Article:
Right now we are glad to present to you the Yoga Therapy – one of the interesting and rather new trend in Yoga.
What is Yoga Therapy?
Yoga therapy, derived from the Yoga tradition of Patanjali and the Ayurvedic system of health care refers to the adaptation and application of Yoga techniques and practices to help individuals facing health challenges at any level manage their condition, reduce symptoms, restore balance, increase vitality, and improve attitude.
The emerging field of Yoga therapy is steeped in the history and tradition of Yoga, though one can say that modern Yoga and Yoga therapy began development about 200 years ago when western science and medicine began to notice and study Yoga. So, modern Yoga and modern Yoga therapy are in many ways new creations, rather than a continuation of a specific Indian spiritual tradition.
Yoga Therapy is the process of empowering individuals to progress toward improved health and wellbeing through the application of the teachings and practices of Yoga.
The practice of Yoga therapy is aimed at developing self-knowledge through a process of personal witnessing and understanding the self.
From the Yoga perspective, self-knowledge is health in the most complete sense. It focuses on healing at all levels of the person: physical, energetic, psycho-emotional, and spiritual. It’s a modality that can be applied to groups or individuals with specific health challenges.
Yoga therapy recognizes that relief of symptoms is just one facet of the healing process and that not all illness and disease can be cured. It does, however, provide a methodology to heal lives, reduce pain, and stress, and relieve physical symptoms and psychological suffering.
Yoga therapy recognizes that the healing journey is unique to each individual and so selects, adopts and modifies all practices appropriately for the individual and/or group depending upon age, physical condition and ability.
What is the Difference Between Yoga and Yoga Therapy?
All Yoga is considered therapeutic but Yoga therapy is Yoga with a specific focus on health and healing. Yoga therapy is based in creative, student-centered education, where the teachers are facilitators rather than gurus in the traditional Indian sense, because it is only by awakening the student’s connection to his or her own true source of wellness that healing can occur.
Modern yoga therapy can be traced back to the yoga master T.Krishnamacharya, who produced students that became the West’s most influential teachers of therapeutic yoga, including his son TKV Desikachar and BKS Iyengar.
It’s widely known that Yoga can enhance your physical and emotional well being, but when Yoga is practiced with a therapeutic intention in the form of Yoga Therapy, it can help prevent and aid recovery from physical and mental ailments. Yoga has long been practiced with therapeutic intentions as way of transforming both the body and the mind.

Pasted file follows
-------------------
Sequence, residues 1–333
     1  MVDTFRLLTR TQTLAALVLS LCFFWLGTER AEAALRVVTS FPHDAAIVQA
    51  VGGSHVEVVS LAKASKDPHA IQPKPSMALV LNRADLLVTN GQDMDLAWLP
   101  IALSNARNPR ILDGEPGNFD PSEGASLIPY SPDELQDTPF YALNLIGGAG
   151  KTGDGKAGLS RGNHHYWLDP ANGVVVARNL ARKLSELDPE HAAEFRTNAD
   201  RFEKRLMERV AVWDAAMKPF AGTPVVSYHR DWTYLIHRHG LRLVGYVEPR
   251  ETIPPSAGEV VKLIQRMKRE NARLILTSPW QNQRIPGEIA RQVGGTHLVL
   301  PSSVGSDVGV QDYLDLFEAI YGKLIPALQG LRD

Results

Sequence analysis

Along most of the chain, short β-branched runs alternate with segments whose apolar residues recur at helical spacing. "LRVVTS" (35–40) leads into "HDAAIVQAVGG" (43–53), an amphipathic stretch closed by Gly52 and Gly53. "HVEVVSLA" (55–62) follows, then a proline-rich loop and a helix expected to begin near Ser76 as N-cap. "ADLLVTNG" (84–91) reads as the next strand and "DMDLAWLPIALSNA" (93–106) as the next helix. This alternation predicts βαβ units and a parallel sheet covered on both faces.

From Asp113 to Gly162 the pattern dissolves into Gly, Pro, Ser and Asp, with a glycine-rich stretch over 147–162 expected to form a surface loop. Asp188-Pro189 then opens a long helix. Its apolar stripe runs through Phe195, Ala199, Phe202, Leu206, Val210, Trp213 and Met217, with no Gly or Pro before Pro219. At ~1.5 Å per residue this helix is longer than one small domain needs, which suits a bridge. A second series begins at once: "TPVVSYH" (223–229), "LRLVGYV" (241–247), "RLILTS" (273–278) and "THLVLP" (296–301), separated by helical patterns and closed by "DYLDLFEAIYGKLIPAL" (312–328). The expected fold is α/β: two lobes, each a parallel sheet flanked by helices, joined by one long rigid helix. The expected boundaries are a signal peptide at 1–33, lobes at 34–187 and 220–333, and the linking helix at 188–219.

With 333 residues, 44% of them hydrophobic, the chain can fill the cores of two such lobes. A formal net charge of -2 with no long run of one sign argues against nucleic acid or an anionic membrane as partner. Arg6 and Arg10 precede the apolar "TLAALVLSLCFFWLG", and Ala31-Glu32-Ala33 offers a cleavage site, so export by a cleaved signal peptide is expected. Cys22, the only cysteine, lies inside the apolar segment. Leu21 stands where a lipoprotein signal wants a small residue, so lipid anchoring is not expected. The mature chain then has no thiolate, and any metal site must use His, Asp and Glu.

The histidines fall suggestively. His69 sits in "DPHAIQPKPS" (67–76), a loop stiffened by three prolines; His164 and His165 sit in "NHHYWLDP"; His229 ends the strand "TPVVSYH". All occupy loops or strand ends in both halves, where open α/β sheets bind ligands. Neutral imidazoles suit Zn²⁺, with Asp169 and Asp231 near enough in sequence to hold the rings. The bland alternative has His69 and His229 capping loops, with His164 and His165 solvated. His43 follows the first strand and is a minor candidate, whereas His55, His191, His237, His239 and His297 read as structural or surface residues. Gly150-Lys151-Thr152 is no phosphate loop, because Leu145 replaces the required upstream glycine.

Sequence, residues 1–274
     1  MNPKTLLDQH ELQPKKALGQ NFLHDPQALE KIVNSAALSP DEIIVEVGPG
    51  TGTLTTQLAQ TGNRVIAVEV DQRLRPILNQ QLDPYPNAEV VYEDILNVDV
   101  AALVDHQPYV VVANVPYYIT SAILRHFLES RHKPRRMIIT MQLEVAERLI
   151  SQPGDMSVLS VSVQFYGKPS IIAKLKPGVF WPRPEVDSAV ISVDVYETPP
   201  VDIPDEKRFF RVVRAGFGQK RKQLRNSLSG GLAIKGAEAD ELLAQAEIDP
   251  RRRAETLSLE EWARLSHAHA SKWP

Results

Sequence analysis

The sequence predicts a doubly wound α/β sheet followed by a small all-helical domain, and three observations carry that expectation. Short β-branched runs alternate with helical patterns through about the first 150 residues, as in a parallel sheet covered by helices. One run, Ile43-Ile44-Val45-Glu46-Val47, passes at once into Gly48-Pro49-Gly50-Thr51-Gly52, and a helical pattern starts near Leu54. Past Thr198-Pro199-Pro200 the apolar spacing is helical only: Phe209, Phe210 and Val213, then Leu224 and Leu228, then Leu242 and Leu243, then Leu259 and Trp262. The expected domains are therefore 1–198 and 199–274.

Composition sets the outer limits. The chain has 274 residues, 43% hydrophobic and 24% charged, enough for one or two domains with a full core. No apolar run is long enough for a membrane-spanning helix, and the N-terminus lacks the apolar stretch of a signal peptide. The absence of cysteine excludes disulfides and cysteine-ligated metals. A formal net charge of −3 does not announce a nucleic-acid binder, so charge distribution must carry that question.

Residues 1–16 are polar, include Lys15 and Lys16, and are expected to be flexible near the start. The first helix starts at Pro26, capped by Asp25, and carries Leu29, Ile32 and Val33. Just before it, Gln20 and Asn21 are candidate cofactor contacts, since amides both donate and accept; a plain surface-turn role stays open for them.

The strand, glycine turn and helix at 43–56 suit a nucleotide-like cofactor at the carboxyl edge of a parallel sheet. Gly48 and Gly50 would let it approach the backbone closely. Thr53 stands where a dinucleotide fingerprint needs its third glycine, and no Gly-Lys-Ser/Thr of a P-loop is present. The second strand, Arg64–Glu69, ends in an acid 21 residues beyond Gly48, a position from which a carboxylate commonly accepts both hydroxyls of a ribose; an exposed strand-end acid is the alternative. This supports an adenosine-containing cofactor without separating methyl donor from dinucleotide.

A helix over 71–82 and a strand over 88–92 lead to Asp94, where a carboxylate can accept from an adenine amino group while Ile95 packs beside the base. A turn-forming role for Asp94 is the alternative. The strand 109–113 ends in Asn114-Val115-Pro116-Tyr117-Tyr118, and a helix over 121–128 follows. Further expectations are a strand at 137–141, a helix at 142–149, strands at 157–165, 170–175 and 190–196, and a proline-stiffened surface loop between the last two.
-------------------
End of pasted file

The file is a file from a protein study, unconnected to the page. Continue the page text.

On a psychological level, the introspection promoted by yoga is essential to the self-knowledge process that fuels psychic transformation. The different relaxation techniques allow the troubled mind to calm and decrease its activity while promoting stability. Yoga considers the psyche to be spread in different centers along the body (chakras). Each related to a nervous plexus, an endocrine gland, an organ or group of organs and specific psychic qualities. By acting upon the chakras, yoga brings light to any psychic blockages, making them available to the conscious mind. The modern western correlate of this scheme is in the core of psycho-neuroimmunology, a branch of psychology that studies the interaction between the nervous, endocrine and immune systems, explaining some of the subtle mechanisms of psychosomatic medicine.
The fact that the different branches of science are now acknowledging that everything in the universe works together with absolute, intimate and exquisite interrelationship is part of the basis of the increasing success and respect that Yoga Therapy is gaining among main stream medical practitioners. As more clinicians use these techniques either for themselves of or their patients, and as more masters design specific applications of yoga, the spectrum of Yoga Therapy grows exponentially.
Yoga therapy advocates believe that since yoga is a holistic discipline — teaching that the mind, body, and spirit are connected — yoga therapy can go beyond the results that are possible with physical therapy.
At the BYC you can visit master classes leading yoga therapists
Alex Monastery – Course Director “Anatomy for Yoga Therapy”
Physiotherapist and Osteopath – www.yoga-terapeutico.com
Or Haleluiya – President of the “Spanish Association of Yoga Therapy”, Acupuncturist
And we are glad to announce that at BYC you can meet and ask your questions directly to Leslie Kaminoff, author one of the best-selling yoga book “Yoga Anatomy”, has been bringing the study of anatomy to life for over 25 years.
Yoga educator inspired by the tradition of T.K.V. Desikachar. He is an Internationally recognized specialist with thirty years’ experience in the fields of yoga, breath anatomy and bodywork. He has led workshops for many of the leading yoga associations, schools and training programs in America. www.yogaanatomy.org
Leslie currently practices in New York City and Great Barrington, Massachusetts. He is the founder of the yoga blog, “e-Sutra,” and “The Breathing Project,” a New York City yoga studio dedicated to the teaching of individualized, breath-centered yoga. Leslie teaches The Breathing Project’s unique year-long course in yoga anatomy, and is the co-author, with Amy Matthews, of the bestselling book, “Yoga Anatomy” published by Human Kinetics. He also teaches The Breathing Project’s unique year-long course in yoga anatomy, which is now available online to a world-wide audience.
See You at the Barcelona Yoga Conference – 4-8 July 2013
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